Michelle Beltran Music Stress

Most people enjoy listening to music to relax or get pumped for a workout, so it might not be too surprising to hear that there is evidence to suggest that music may have a demonstrable effect on stress levels and emotional regulation. These are excellent side effects to an already enjoyable activity, but there is evidence that music can also benefit your health in the long-term, making listening to music an ideal low-cost activity you can engage in to improve your wellbeing.

Studies show that listening to relaxing music when stressed out, such as classical, can help people calm down. Over the long term, it has been demonstrated that music can help to reduce cortisol levels, which is a hormone the body produces when stressed. Since stress has a documented negative effect on long-term health, it’s excellent that there is such an easily accessible remedy that can help relieve it. Music has also been shown to assist people in art therapy and reduce anxiety in seriously or chronically ill patients. There is also evidence that music may stimulate the parasympathetic nervous system, which results in lower blood pressure and heart rate.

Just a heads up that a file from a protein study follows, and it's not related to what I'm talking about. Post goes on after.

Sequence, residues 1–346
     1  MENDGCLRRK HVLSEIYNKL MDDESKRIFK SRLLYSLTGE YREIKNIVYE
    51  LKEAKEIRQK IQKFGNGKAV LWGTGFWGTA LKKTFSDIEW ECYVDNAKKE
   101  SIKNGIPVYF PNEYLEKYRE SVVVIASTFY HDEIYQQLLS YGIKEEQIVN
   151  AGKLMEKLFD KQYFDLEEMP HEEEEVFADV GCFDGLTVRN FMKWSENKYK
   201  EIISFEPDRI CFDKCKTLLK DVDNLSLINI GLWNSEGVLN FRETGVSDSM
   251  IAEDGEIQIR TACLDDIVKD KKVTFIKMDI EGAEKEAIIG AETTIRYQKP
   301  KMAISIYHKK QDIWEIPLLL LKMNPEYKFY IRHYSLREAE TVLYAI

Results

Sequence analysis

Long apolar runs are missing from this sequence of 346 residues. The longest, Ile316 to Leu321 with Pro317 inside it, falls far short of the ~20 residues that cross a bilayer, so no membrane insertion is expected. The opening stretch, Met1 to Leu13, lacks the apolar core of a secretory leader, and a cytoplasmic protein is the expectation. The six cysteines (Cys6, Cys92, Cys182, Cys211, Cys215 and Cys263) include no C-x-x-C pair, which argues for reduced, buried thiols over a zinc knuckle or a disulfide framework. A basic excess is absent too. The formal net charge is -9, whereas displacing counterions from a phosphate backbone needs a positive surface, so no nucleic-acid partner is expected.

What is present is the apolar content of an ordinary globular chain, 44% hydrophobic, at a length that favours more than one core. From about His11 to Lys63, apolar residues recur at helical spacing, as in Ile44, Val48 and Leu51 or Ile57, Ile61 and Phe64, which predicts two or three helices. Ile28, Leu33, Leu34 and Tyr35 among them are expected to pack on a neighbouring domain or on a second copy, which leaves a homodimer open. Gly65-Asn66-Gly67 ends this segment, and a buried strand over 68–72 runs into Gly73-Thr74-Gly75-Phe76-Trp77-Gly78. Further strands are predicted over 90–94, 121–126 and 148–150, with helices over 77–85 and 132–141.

Research shows that music can have many different mood regulatory functions; for example, you can use upbeat music to sustain or create a positive atmosphere or wake yourself up and feel more energized. Studies report that listening to music is an activity many people frequently use to change their emotions, generally positively. People listen to music to distract themselves from unpleasant circumstances and work through strong emotional reactions constructively. It can also help to stimulate the creation of new ideas; listening to music while working on your next creative endeavor might help you achieve the results you’re looking for. 

What music people listen to varies depending on what they want to achieve, but music has its most positive effects when the listener can select it for themselves since individuals have affinities towards specific genres of music. Next time you experience a strong emotion or want to feel energized, follow the instinct to turn on your favorite music; it may just have more beneficial effects than you anticipated. 

This article was originally published on michellebeltran.org.